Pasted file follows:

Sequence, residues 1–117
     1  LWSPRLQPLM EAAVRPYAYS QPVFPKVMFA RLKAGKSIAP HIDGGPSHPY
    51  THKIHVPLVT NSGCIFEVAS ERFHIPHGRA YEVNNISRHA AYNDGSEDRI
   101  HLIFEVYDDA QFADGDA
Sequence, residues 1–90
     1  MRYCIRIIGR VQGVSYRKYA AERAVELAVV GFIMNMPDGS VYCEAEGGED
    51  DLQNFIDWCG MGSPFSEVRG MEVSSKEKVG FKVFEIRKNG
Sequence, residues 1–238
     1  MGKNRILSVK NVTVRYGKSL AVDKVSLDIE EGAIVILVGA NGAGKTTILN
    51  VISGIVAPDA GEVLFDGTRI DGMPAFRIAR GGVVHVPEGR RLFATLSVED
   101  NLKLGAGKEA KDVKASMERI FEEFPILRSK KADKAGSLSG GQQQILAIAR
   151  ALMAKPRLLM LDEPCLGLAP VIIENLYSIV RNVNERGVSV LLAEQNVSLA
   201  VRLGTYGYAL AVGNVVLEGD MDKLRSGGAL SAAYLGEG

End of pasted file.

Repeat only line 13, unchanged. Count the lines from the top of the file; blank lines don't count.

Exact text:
   201  VRLGTYGYAL AVGNVVLEGD MDKLRSGGAL SAAYLGEG